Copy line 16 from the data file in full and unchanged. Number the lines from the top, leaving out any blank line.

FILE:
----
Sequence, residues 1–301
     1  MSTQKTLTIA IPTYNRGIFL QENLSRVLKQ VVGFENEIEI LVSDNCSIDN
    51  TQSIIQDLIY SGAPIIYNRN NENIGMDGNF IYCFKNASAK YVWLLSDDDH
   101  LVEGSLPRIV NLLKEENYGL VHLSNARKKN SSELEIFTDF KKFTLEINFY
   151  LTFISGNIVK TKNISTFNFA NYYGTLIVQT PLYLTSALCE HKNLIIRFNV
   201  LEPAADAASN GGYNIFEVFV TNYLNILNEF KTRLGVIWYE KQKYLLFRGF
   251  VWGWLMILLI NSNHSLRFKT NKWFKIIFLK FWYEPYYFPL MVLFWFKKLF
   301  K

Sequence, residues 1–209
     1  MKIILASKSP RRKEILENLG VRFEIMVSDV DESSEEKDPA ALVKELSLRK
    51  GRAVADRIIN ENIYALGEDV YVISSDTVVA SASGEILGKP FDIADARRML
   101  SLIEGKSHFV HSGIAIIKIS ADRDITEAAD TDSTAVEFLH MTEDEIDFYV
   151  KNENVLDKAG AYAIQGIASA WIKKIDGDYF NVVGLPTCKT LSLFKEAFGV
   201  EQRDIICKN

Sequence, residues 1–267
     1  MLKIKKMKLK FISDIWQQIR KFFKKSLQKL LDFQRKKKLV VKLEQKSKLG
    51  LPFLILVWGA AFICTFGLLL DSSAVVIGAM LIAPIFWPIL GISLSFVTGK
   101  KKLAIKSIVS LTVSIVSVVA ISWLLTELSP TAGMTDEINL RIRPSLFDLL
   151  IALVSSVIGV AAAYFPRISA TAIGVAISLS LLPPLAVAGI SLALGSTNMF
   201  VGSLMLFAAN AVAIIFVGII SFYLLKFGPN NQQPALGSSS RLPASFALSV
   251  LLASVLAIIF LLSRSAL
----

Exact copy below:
     1  MLKIKKMKLK FISDIWQQIR KFFKKSLQKL LDFQRKKKLV VKLEQKSKLG